If My Black-Sounding Name Offends You, Please Don't Hire Me

2015-10-12-1444616588-638406-ThinkstockPhotos530906251.jpg
(Photo via Getty Images)

I have two master's degrees and am about to complete my Ph.D., but I have to wonder: would former Cosby star Raven-Symoné not hire me because of my "black-sounding" name?

Raven-Symoné started a controversy recently with her comments on The View after an airing of an enormously popular video, "Top 60 Ghetto Black Names," on YouTube. One of the names, "Watermelondrea," won a hearty laugh from Raven-Symoné, and she quickly said--with no sense of irony or hypocrisy given her own "black-sounding" name--that she'd never hire someone with such a name.

I have to confess that some of the other names in the clip, names like Spongebobeeshia and Cellularphoniqua, at first struck me as absurd. My reaction was like that of many people commenting on the video, African Americans included. A name at first seeming strange or absurd, however, is not valid grounds to refuse to hire someone.

After hearing the comments, I got to thinking about why I should react in such a way. After all, a person's name is sacred. It can connect you to who they are, their history, their identity. Parents have the right to name their children whatever they want, and the rest of us should respect that.

I also got to thinking about my own experiences as someone having a stereotypically "black-sounding" name. Despite my physical appearance and being white in terms of my race and ancestry (as far as I now know, though, since accidentally discovering I was adopted, much of my ancestral history has been obliterated), the question, "Are you black?" is something I've gotten since grade school. I got it in Scouts, in junior high, high school, college, grad school, at work, and when I've helped people move. It's a question I've gotten from whites as well as African Americans. Some have asked out of simple curiosity, others out of confusion over the perceived disconnect between my name and appearance. More than one has asked with a visible sense that, had I answered "yes," I would have been seen as "exotic" or "dangerous."

It's a question that's haunted me when I've applied for jobs. After completing my first master's degree, I found it exceptionally hard to get callbacks for jobs I'd applied to despite having an advanced degree, strong credentials, and experience in the job roles I was applying for. For a long time I wondered what was going on. I thought maybe the market was oversaturated with applicants.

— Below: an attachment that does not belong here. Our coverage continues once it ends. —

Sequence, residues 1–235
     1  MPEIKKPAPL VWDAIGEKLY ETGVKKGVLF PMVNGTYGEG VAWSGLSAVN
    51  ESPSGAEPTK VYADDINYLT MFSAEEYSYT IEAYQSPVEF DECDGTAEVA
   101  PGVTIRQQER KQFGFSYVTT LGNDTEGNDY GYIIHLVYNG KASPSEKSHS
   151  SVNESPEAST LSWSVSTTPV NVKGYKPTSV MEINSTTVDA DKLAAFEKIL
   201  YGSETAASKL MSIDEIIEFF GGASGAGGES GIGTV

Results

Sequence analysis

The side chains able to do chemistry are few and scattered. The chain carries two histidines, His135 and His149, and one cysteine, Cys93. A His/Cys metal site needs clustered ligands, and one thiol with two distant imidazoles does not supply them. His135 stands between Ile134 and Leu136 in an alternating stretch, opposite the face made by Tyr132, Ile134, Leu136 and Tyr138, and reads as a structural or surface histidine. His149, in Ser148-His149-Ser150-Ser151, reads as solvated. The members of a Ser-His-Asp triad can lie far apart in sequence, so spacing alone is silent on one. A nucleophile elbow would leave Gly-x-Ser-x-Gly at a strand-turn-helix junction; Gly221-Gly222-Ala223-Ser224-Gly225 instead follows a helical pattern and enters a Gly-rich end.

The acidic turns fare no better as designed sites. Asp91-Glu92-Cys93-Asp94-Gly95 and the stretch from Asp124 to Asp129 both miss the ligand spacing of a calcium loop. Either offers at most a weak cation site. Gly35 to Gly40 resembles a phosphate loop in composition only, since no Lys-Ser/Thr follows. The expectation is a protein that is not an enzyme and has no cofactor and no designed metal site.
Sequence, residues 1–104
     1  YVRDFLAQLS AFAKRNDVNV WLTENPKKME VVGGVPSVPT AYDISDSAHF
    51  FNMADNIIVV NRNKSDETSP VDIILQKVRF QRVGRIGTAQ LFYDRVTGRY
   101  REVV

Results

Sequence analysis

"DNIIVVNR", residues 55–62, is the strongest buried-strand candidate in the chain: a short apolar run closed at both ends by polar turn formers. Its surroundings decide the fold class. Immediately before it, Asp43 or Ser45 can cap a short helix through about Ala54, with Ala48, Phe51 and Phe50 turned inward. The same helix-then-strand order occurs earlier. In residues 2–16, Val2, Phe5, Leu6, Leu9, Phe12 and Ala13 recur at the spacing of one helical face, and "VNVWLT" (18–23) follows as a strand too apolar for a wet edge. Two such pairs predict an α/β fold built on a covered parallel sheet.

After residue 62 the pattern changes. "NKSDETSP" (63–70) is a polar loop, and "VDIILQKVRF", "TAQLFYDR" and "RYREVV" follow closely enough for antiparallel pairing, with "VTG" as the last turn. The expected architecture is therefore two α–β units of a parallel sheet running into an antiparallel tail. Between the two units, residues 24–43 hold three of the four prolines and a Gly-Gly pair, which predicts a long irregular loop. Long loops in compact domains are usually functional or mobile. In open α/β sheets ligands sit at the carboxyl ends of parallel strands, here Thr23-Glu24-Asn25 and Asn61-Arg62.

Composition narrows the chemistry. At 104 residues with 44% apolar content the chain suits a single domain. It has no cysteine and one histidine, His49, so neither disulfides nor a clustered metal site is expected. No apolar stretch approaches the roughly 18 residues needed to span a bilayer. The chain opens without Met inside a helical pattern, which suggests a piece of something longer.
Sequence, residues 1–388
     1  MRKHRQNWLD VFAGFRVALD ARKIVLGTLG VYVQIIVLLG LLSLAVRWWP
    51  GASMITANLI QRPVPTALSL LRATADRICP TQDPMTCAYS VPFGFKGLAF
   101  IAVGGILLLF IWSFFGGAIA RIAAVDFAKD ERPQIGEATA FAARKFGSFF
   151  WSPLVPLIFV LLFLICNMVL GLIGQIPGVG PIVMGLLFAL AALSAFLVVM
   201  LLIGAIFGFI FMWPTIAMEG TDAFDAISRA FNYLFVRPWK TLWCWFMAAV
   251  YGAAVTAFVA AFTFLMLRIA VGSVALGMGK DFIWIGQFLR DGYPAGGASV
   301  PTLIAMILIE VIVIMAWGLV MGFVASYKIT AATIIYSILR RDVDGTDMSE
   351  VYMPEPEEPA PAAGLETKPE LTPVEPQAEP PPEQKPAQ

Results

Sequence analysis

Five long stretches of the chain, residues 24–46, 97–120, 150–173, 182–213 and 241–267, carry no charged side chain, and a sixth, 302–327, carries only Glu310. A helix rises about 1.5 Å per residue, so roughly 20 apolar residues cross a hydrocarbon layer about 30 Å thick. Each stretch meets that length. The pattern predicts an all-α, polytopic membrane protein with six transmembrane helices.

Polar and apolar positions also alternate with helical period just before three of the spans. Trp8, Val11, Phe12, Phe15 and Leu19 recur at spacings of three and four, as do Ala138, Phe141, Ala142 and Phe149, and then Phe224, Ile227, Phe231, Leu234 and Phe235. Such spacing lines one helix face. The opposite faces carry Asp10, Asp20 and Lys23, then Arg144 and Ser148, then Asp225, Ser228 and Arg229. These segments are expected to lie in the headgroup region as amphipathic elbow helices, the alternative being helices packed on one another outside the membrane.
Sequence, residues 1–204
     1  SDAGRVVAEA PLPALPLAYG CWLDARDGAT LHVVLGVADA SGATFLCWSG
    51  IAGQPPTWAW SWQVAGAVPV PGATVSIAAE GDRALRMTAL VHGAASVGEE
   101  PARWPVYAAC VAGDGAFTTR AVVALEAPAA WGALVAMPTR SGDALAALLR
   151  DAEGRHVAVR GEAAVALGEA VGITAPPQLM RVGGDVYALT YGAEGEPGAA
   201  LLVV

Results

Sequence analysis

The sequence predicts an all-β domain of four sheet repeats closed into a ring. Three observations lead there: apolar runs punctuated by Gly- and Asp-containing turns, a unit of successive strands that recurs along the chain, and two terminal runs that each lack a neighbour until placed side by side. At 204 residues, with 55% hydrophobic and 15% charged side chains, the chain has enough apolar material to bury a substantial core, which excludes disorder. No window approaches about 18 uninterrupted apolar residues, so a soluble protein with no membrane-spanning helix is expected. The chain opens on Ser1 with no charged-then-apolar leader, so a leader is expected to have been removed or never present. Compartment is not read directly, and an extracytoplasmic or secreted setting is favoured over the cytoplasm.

Then I learned of research showing that stereotypically "white-sounding" names like Greg and Emily receive 50 percent more callbacks for job interviews from prospective employers. Researchers found that the racial gap was consistent across industries, employer sizes, and occupations when they sent out the same resume to apply for the same jobs, altering only the name of the applicant to make them sound stereotypically white or black. Even so-called "equal opportunity" employers were guilty of discriminating.

It soon became clear what was happening. In person, and for those not knowing I'm Native American, I had (and continue to have) the unearned privilege of a white man. But before I could get in the door I was experiencing a very small fraction of the blatant racism directed at many African Americans. And that was enough to significantly extend the length of my job search, to make my bills pile up, to increase my stress and anxiety, and so much more.

Intentionally or not, those are the results that Raven-Symoné and many "equal opportunity" employers are perpetuating when they discriminate against people with "black-sounding" names.

Amazingly, Raven-Symoné seems to think that her comments weren't racist. "Can we take back 'racist' and say 'discriminatory,'" she said, "because I think that's a better word. And I'm very discriminatory against the words like the ones they were saying in those names. I'm not going to hire you if your name is Watermelondrea. That's just not going to happen. I'm not going to hire you."

In response to a series of stereotypically "black-sounding" names, I wonder if such claims will hold up. Such claims raise questions over how we identify what is or is not racism, what it will take for people to get the news flash that not everyone who has a stereotypically "black-sounding" name is necessarily black or unqualified, and how to cut through the mental gymnastics people often turn to in order to avoid seeing their thoughts and behaviors for what they really are.

Over the years, I've sometimes thought about how I might pass the "resume test" when going out on the job market. I've considered changing my name to "Shaun," my original birth name. I've also thought about using just my first two initials, followed by my last name, to see if, like researchers, I'd see different results.

But what's always kept me from doing such a thing is the more important question that was before me: even if I could change my name and increase my odds of getting hired, would I really want to?

For me the answer has always been "no." Whether you call it racist or discriminatory, it's wrong for employers, for anyone, to discriminate against others. Period. End of story.

So, as I look ahead to graduation and re-entering the job market, I know that I'll continue to face discrimination because of my name. I only pray that Raven-Symoné and anyone who would discriminate against me, or anyone else, won't hire me. I've got much better things to do with my time.

_____

DaShanne Stokes is an author, speaker, and commentator known for his work advancing civil rights and social justice. He recently completed a memoir about his experiences.